Near the end of The Last Days of California, Jess enters a restroom to get a break from her family and herself. She doesn’t understand what to do, as the trip from Montgomery has drained her. She sees something that catches her eye: “love one another.” Such a statement seems simple; however, it’s in this moment that the whole novel changes. Jess admits, “It seemed so simple. I was hardly ever even nice to people because I was afraid of them. It seemed ridiculous that people might need or want my love.” She’s no longer a naïve bystander or only someone’s daughter or sister. She is her own person. Jess gains faith that she can change her own world. She becomes a person on the cusp of adulthood.

A teenage girl and her unraveling family travel cross-country in preparation for the Rapture in this radiant, highly anticipated debut.

Fifteen-year-old Jess is on a road trip to the end of the world. Her evangelical father has packed up the family and left their Montgomery, Alabama, home behind to drive west in anticipation of the rapture, hoping to save as many souls as possible before the imminent Second Coming. With her long-suffering mother and her rebellious sister Elise, Jess hands out tracts to nonbelievers at every rest stop, Waffle House, and gas station along the way. Through sticky diners and in crowded motel pools, beneath bleached bedspreads and in the backseat of the family car, Jess and Elise whisper and squabble their way across the country. But as doomsday approaches, Jess can’t seem to work up any real fear about the apocalypse when her sister’s secret pregnancy and their increasingly frayed parents loom so much larger.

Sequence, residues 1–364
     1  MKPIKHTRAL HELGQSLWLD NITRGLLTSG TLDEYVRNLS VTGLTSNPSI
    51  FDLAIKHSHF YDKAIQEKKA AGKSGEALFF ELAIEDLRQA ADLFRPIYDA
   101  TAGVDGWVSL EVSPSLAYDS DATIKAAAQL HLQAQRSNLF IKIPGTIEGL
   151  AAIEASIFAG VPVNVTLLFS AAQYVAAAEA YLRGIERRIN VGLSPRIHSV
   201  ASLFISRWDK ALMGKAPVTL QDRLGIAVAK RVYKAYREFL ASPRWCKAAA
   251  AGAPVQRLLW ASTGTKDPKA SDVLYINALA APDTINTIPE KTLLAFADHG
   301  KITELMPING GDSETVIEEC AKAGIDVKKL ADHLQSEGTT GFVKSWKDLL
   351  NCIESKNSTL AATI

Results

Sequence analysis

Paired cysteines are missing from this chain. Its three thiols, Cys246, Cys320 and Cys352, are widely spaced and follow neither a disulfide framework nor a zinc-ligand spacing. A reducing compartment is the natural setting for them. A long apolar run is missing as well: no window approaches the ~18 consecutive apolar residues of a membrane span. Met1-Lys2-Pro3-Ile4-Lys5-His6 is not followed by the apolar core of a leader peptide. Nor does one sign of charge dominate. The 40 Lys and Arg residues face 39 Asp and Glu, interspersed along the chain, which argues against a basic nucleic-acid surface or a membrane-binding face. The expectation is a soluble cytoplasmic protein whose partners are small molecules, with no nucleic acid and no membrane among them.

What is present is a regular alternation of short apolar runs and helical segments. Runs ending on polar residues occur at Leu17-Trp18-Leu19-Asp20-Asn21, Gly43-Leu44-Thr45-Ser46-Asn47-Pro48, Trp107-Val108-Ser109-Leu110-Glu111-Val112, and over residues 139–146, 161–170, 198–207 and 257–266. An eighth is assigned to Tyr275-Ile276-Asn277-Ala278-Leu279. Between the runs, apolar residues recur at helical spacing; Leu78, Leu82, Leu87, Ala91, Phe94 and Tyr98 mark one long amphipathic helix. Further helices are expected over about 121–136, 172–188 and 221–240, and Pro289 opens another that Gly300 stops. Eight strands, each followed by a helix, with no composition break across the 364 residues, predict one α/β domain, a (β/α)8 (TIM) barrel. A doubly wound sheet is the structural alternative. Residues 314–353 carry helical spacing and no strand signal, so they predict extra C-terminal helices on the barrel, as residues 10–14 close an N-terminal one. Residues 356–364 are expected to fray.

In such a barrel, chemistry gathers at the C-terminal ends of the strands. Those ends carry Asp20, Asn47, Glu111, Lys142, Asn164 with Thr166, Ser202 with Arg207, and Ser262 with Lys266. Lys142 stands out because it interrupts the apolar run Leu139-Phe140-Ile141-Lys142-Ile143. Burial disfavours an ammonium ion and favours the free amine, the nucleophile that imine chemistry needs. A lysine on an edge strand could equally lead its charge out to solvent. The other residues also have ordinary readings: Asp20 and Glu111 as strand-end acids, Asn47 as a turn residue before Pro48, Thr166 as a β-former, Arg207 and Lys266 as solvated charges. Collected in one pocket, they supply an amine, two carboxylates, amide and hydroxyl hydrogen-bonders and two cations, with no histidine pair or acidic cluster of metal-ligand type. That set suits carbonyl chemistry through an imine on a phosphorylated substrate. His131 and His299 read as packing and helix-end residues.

In this fresh and razor-sharp debut novel, teenage angst and evangelical ardor make a pilgrimage across an endlessly interchangeable American landscape of highways, motels, and strip malls. Sporting a “King Jesus Returns!” t-shirt and well stocked with end-times pamphlets, Jess makes semi-earnest efforts to believe but is thwarted at every turn by a string of familiar and yet freshly rendered teenage obsessions. From “Will the world end?” to “Will I ever fall in love?” each tender worry, big and small, is brilliantly rendered with emotional weight. Mary Miller reinvents the classic American literary road-trip story, reviving its august traditions with the yearning and spiritual ennui of twenty-first-century adolescence. As the last day approaches, Jess’s teenage myopia gradually gives way to a growing awareness of the painful undercurrents of her fractured family.

With a deadpan humor and a savage charm that belie a deep sympathy for her characters, Miller captures the gnawing uneasiness, sexual rivalry, and escalating self-doubt of teenage life in America, where the end always seems nigh and our illusions are necessary protections against that which we can’t control.

List Price: $24.95 USD
New From: $11.85 USD In Stock
Used from: $9.90 USD In Stock

Review: The Last Days of California by Mary Miller 5.00/5 (100.00%) 5 votes

Bradley Sides

Bradley Sides is a graduate of the M. A. in English program from the University of North Alabama. His fiction appears in Belle Rêve Literary Journal, Birmingham Arts Journal, Boston Literary Magazine, Freedom Fiction Journal, Inwood Indiana, and Used Gravitrons. He is a contributor to Bookkaholic. He resides in Florence, Alabama, with his wife, and he is actively seeking representation for his debut middle-grade novel.


Be the first to comment!

Tell us what you think